: ing purposes only nuts with thin and light shells, like 
| the three classes mentioned above; and as the Fran- 
quette has a rather thick and heavy shell compared to 
I Mayette, Chaberte and Bordeaux, and the meat has not 
the desirable shape for the manufacturing of walnut 
cream candy, being too long, it is altogether rejected 
for shelling purposes, and solely used as a dessert nut. 

Answering my questions regarding the Franquette, 
the great New York importing firm referred to in this 
letter, wrote to me as follows, under date of April 4, 
1906: "Your letter at hand, regarding Franquette wal- 
nuts, and in reply would say that we do not import 
those walnuts as such. What few come here, as a rule, 
we thing, come mixed with Mayette." When in the 
district where both, Mayette and Franquette, are pro- 
pagated by grafting the great majority of the trees are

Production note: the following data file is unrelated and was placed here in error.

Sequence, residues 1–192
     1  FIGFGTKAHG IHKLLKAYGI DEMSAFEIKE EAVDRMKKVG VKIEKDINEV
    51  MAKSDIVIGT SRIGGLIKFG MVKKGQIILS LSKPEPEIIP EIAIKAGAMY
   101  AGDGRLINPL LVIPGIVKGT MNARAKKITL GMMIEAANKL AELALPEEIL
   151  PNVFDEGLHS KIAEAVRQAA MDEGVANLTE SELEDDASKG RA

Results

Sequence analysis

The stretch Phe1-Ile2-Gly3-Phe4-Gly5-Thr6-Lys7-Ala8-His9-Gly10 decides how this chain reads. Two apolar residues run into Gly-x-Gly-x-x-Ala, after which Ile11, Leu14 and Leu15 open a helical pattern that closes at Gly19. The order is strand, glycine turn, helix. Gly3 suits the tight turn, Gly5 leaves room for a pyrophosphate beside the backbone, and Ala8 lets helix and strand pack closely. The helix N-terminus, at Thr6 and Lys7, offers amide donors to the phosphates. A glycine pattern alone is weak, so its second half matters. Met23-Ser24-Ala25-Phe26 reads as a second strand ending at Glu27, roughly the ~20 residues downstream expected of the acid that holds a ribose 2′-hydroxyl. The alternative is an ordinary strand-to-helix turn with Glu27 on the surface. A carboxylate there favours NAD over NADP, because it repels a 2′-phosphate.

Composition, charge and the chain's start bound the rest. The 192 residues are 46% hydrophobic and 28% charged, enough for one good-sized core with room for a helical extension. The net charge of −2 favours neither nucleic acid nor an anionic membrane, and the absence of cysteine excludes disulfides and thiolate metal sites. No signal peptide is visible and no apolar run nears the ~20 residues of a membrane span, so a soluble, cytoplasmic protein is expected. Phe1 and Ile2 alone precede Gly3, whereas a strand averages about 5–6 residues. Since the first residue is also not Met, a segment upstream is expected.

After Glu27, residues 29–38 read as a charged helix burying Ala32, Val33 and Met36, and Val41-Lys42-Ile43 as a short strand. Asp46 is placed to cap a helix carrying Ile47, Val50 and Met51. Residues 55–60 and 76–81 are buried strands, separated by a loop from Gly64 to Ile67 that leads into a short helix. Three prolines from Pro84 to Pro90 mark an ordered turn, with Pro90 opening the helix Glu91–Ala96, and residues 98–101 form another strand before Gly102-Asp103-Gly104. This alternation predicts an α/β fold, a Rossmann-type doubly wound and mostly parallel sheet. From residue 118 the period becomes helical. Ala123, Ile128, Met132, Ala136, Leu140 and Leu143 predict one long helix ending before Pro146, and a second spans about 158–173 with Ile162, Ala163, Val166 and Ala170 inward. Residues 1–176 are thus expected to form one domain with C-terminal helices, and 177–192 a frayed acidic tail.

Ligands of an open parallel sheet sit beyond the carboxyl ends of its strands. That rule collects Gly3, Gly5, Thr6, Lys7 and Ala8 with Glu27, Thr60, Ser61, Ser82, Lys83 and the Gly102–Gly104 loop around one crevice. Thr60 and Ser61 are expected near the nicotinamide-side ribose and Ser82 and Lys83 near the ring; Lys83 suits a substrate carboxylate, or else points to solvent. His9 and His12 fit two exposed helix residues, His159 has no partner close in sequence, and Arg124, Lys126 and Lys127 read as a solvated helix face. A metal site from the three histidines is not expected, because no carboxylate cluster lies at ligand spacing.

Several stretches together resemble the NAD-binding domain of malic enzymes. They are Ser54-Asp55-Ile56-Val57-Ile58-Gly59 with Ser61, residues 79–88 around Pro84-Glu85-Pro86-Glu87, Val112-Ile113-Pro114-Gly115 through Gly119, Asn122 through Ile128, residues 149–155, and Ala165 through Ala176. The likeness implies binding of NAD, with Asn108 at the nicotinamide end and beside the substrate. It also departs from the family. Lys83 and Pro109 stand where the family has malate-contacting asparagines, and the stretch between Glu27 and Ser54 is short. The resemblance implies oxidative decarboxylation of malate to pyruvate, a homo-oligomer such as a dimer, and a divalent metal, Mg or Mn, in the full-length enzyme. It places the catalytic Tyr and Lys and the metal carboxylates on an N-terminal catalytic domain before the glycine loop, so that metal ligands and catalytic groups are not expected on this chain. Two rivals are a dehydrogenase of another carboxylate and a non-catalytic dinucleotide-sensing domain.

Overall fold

Mayette, as the demand for that nut is so much larger 
than that for the former; so, for all these reasons, the 
Franquette, though a first-class nut, is not used for 



Total 7,585,084 

-Not shelled 13,414,887 

Shelled 1,155,734 



Total 14,570,621 

The above figures speak for themselves and should 
encourage our nutgrowers all over the Pacific Coast 
to plant nut trees of all kinds, with the certainty, in 
the course of time, of capturing the most of that great 
industry, as we have done with the prune. 

FELIX GILLET. 

Nevada City, Cal., January 8, 1907. 



THE BOTANIST. 



ing this shelled walnut industry; in fact, they entertain 
similar and wrong ideas on the industry, that our wal- 
nut growers in Southern California did when claiming 
that — since that part of the State was producing such 
large quantities of walnuts — the importations were get- 
ting less and less every year, and just at the time when